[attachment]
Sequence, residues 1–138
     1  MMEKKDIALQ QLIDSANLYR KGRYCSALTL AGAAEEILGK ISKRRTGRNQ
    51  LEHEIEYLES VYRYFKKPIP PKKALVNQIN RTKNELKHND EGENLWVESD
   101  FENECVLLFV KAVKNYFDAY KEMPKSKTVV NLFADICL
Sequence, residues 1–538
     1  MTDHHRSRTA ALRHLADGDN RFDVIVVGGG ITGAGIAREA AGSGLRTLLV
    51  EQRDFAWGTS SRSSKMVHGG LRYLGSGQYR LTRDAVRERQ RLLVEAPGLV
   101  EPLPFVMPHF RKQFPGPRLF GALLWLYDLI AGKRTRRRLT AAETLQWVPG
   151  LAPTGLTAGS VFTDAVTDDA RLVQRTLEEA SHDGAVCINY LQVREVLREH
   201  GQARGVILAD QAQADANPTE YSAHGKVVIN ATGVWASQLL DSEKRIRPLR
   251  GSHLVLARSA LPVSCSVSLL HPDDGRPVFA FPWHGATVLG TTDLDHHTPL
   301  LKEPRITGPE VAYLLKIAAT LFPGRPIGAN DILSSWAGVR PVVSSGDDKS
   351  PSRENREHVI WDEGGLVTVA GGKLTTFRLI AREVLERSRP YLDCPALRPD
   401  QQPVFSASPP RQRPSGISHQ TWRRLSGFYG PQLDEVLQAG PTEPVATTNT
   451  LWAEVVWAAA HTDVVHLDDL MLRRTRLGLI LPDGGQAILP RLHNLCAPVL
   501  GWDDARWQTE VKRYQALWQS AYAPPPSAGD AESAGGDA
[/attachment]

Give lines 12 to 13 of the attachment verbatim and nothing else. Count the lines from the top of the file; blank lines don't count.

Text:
   301  LKEPRITGPE VAYLLKIAAT LFPGRPIGAN DILSSWAGVR PVVSSGDDKS
   351  PSRENREHVI WDEGGLVTVA GGKLTTFRLI AREVLERSRP YLDCPALRPD